When the Sun Rose & Set on My Literary Heroes, from Lockport, New York, to Key West, Part I
Brandon M. Stickney
KEY WEST - Speak, memory.
In 1990, I became the literary intern to controversial Beatles biographer Geoffrey Giuliano. He lived in an 18-room 1860s Lockport, New York, mansion on the Erie Canal, less than a quarter mile from my college apartment.
I was reading Carlos Baker’s biography of Hemingway at the time. I carried the book with me everywhere, as other hopeful young writers did with On the Road and The Catcher in the Rye.
I started work for Giuliano (who starred recently as the masked lion on Netflix’s blockbuster Squid Game)in August, skipping my senior year as an English Literature student at the State University of New York at Buffalo (UB). It was at UB that I was first introduced to In Our Time and The Sun Also Rises.
One of my UB literature professors, Mark Schechner (b. 1940, d. 2015) an internationally respected James Joyce scholar and book reviewer, looked at Hemingway’s early writings as partially “experimental.”
Schechner asked his students why the characters in The Sun Also Rises are drawn to churches—“Why do they keep going in and out of them? What or whom are they looking for? Is the exercise a balance to the sex, drinking and loss of self in Spain? Or does it go deeper?”
I had my ideas. Hemingway aficionados have theirs. Something related that appealed to me was how The Sun Also Rises took the characters passionately “on the road” as Kerouac did years later. I developed a longing for journeying, notebook in hand, to see the magic and doom of those I’d read about.
At Giuliano’s, I proofread galleys of Blackbird, his developing biography of Paul McCartney, babysat his crazy children, and searched with purpose through his multi-room museum of multimedia Beatle memorabilia for dates, places, and lost interviews.
The days at Giuliano's place were meditative, the Moody Blues, The Who, and Hendrix on the house melody mix as if we lived in a permanent Woodstock, 1969. Rock stars, photographers, reporters, and the local police were at the house daily—I was never sure why.
“The author?” I’d say at the massive entry’s ornate and aqua windowed double doors. “He’s unavailable now. I’ll have him ring you later.” I was the ideal intern and future investigative journalist.
The winds of a crisp fall, the rains, and the chameleon leaves turned summer’s passions to nostalgia, recalling a heartbroken past like McCartney’s “Once Upon a Long Ago.” I felt it. And I knew Giuliano, 15 or so years my senior, felt the same when I heard “Mull of Kintyre” echoing through the hallways, like cries from another century.
The tourist boats along the Erie Canal had ceased for the season and everything was broken and dying. The concept of death, and our existential connection, teased me as I sifted through Beatles research for Giuliano. John Lennon had been murdered a decade earlier; the Beatles were no more. Then on my writing desk was Baker’s Hemingway, a man who’d taken his own life on July 2, 1961.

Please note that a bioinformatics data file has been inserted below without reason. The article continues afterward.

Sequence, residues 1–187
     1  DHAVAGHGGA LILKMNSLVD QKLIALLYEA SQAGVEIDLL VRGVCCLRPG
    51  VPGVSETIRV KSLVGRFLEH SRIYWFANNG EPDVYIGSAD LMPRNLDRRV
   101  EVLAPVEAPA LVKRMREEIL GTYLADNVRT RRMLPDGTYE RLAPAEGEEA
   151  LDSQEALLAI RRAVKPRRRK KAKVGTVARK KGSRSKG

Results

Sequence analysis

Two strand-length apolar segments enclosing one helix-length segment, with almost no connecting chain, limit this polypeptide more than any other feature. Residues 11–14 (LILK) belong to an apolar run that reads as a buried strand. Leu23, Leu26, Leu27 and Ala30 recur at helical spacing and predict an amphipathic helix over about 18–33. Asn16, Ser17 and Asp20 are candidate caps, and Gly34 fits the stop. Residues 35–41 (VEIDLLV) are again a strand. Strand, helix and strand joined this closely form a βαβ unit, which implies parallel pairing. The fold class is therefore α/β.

I overthought my role, common for folks like me, and got a chill when I realized I was chasing my dream, but I was also working with ghosts, images, lives ended, songs from the past, memories, nostalgia, celebrity obsessions, and books and stories that began and ended in tragedy.
The fiction I loved explored the boundaries, the biographies I read were all too human—the Beatles sought enlightenment the way Hemingway sought distraction from reality. And, I thought, why are we, as appreciators of these arts, filled with so much longing for pasts that existed, sometimes, years before we were even born?
So, I had an idea, as a man of 22 might have, to save our creative souls from another morose Buffalo area winter blizzard season.
“Geoffrey?” I said at the door of his writing room. “Writers can work anywhere,” a thought I’d borrowed from my second or third reading of The World According to Garp.
“Why don’t we pack up and do a working vacation away from here?”
I suggested Florida because I knew Geoffrey’s wife’s parents lived in Tampa. I also knew about Ernest Hemingway’s Key West house, the place I’d read about in Baker’s celebrated biography of America’s longtime literary tough guy.
I’ll admit, as I read more Hemingway, he became my rock star. So, I wondered if we (Geoffrey and I), as musical journalists, could visit that sacred place, where I might find answers to my questions about chasing ghosts.
When I'd made my request, it was as if a supernova, an otherworldly enlightenment from a literary cherub, had descended upon Giuliano’s concerned grace.
“Indeed, Brandon boy,” he said, grinning, a moment on the mind. “Let’s go there.”
To be continued . . .
Brandon M. Stickney is a biographer, historical writer, and documentarian who has appeared on A&E, NPR, the History Channel, and the Travel Channel's Mysteries in the Museum. He has two cats: Gordon Lightfoot and Little Bones.
Brandon M. Stickney 10/10/2023
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Author's Last Name, Author's First Name. "Title of Post." THR Blog, The Hemingway Foundation and Society, Date blog was published, Link to blog entry (omit http:// or https://).